In essence, a trademark is a way of distinguishing similar goods by the brand name. It can be a combination of numbers, colours, signatures, names, or devices. It is very expensive for companies to establish their brand value by advertising and designing their products. As per the Trade Marks Act, 1999 and accompanying Rules of 2017, the same can be transferred like any other property.
Assignment v/s Licensing
Assigning Trademarks involves transferring ownership of the Trademark to the buyer, whether the trademark has goodwill attached or not.
Generally, licensing refers to transferring a trademark to a third party for the limited purpose of allowing him to use the trademark (within the terms of the agreement entered upon) without transferring ownership. By using the appeal of the Trademark, the Licensor (owner of the Trademark) usually generates loyalties, while the Licensee gets to expand his business.
Types of Assignment
Assignment in trademark under the Act can take the following forms:
- Complete Assignment:
In addition to a complete transfer of ownership, the buyer is empowered to sell the Trademark at a later time if he so desires.
- Partial Assignment:
Purchasers of these products or services receive only restricted ownership rights.
III. Assignment with Goodwill:
This type of assignment transfers ownership of the product and service rights and values associated with the trademark. Goodwill is an easy to describe but difficult to define concept that refers to the intangible value of a trade mark.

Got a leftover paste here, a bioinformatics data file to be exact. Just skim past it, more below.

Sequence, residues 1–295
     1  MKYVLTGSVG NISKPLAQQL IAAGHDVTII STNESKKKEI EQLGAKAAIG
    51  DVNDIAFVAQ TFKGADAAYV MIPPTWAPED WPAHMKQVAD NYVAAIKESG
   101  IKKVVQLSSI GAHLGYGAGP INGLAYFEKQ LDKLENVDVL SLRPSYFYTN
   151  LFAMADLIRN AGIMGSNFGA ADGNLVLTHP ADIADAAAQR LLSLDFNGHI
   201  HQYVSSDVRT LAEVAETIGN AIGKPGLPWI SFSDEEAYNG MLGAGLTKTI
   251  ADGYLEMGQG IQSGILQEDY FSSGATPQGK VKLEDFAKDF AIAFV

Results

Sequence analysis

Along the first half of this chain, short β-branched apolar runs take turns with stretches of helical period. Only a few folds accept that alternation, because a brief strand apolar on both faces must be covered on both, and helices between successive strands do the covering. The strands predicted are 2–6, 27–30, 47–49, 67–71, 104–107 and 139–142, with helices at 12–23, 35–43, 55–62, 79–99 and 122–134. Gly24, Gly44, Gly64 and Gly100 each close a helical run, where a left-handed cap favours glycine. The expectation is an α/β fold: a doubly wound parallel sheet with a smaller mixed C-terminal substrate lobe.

- Assignment without Goodwill:
A buyer is not permitted to use the trademark for the same product or service as the owner. Trademark ownership, excluding goodwill, remains transferable. As the goodwill associated with a product will not be transferred, the buyer may use the purchased Trademark for products other than those already manufactured by the original owner.
For the sake of preventing confusion among the public and users, certain restrictions apply to the assignment of registered trademarks.
- Generally, trademark assignments end up causing exclusive rights to be held by more than one person, resulting in production of similar goods or services, or those that are associated with each other.
- There is a restriction on assigning a trademark to multiple people at the same time in different parts of the country.
The following should be included in an assignment deed:
- Registering a trademark requires matching the owner’s name with the records at the Registry.
- It is important to explicitly state specific details about the trademark, such as its territorial extent, to prevent any ambiguity
- If there is no transfer of goodwill, it needs to be specifically stated.
- It is necessary to specify the date of the assignment.
Process with the Registry
As a result of Rule 75 of the Trademark Rules, 2017, Form TM-P should be submitted to the Trademark Registry when ownership changes are made. The registration fee is flat at Rs.9,000 for E-Filings and Rs.10,000 for Physical Filings. As a result, the assignment process has been streamlined and simplified.
As a measure of a company’s popularity and reputation in the market, trademarks are valuable assets. Therefore, organizations tend to buy them instead of investing a lot of resources and time into building their own brand. Assignment deeds should be made with care otherwise, they might become a basis for litigation for the buyer. They are advantageous for the buyer since a customer base is handed over with minimal effort.